The Google techies fervently assert their commitment “to act in solidarity with all peoples at the forefront of the fight against white supremacist violence and the carceral state.” (“Carceral state,” for the uninitiated, recalls Michel Foucault’s “carceral archipelago,” a prison consisting of a series of islands.) But how about violence against Jews perpetrated by people other than white supremacists? Silence. And what about the violence against Palestinians perpetrated by their fellow Muslim extremists, such as Hamas, who use them as human shields? Silence on that, too. As for reparations, what about all that property confiscated from Jews throughout the globe throughout the ages, specifically during the last half-century from throughout the Muslim world?

Never mind all those questions; the bottom line is this: JDT has determined that the Palestinians deserve its allegiance, while Israel does not. “Over the past week, hundreds of thousands of Jews across the United States marched in solidarity with Palestinians,” and we were right there, in the streets. So please do not assume that just because we’re Jewish we are loyal to Israel. Don’t blame us for its sins. We are the brave ones, who managed to escape the “environment of propaganda that is deliberately fostered in many American Jewish congregations and communities.” It is they who actually reject the true values of our tradition, by supporting the racist Israeli regime, not us.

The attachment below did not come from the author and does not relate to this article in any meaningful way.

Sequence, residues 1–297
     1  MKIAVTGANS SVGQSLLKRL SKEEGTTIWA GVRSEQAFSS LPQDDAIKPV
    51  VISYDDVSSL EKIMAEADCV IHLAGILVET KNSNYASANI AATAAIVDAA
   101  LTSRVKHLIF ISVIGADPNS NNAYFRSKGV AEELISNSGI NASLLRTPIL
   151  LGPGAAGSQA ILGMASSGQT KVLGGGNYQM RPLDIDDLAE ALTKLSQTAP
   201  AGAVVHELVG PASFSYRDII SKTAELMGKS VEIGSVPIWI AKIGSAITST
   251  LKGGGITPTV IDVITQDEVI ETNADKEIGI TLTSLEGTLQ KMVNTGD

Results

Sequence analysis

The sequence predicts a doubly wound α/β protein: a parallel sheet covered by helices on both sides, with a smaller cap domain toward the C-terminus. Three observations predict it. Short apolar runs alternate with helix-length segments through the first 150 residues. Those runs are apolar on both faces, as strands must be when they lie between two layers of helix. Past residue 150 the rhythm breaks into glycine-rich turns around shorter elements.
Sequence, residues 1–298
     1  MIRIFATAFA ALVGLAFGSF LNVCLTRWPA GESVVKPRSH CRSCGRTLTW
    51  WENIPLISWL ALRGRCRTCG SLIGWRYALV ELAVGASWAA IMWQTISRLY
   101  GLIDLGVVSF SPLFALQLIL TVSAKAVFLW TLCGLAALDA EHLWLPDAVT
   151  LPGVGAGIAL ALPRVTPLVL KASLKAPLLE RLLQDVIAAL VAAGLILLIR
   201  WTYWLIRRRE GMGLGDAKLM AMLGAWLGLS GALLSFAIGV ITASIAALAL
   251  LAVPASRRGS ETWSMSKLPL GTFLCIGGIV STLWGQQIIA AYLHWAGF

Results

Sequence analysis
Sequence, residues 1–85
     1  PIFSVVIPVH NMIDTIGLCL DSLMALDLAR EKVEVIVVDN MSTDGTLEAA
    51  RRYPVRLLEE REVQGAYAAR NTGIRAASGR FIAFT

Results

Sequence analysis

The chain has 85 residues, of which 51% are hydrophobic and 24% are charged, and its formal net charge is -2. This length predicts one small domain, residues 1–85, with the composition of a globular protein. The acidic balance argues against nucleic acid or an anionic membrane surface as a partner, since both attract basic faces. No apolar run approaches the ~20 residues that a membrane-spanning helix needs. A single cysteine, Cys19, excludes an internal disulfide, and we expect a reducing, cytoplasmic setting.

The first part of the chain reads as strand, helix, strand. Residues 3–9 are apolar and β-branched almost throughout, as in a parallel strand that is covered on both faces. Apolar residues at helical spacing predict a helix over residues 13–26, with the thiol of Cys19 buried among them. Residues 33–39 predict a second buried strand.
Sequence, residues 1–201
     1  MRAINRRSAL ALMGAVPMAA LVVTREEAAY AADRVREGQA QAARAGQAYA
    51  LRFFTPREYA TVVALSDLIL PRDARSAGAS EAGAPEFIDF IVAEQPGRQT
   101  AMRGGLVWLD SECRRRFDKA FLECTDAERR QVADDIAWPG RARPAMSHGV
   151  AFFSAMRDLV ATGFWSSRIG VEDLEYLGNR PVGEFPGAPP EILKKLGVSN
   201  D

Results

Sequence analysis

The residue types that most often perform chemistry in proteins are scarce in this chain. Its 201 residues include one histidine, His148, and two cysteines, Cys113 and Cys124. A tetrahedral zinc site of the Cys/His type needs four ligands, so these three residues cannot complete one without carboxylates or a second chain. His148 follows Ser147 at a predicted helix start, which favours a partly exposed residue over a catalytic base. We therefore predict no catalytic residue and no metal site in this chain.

On its FAQ site, JDT explains how its members differ from other, less woke Jews. Congratulating themselves for successfully defending their superior virtue against such reactionary onslaught, they underscore the difficulty of that challenge: “Deprogramming ourselves and learning to unpack and see through that propaganda takes a lot of work.” Herculean, really, when you consider that “[m]any have been made to think that in the aftermath of pogroms and genocide, Jews must have a Jewish state in order to be safe.” Imagine that. Such brainwashing requires some truly heavy-duty reeducation.

But the news is good, declares the JDT: history marches on—to the left, of course. The site notes these relevant facts: “In a U.S. context, the idea that the majority of American Jews see Israel as a political priority is a myth, as is the idea that the majority of Jews support the Israeli government. The 2020 presidential election exit poll showed that 82% of American Jews believe Israel should suspend the expansion of settlements immediately. 92% of Jews promote being critical of the Israeli government. Furthermore, over 95% of American Jews say that Israel is not one of their top voting priorities.” [Emphases in original]

The JDT has a point. The legacy of the New Left of the 1960s, whose demise has been greatly exaggerated, is with us still. The Jews are divided not only among but against themselves. The pathology is profound, beyond easy resolution, if any.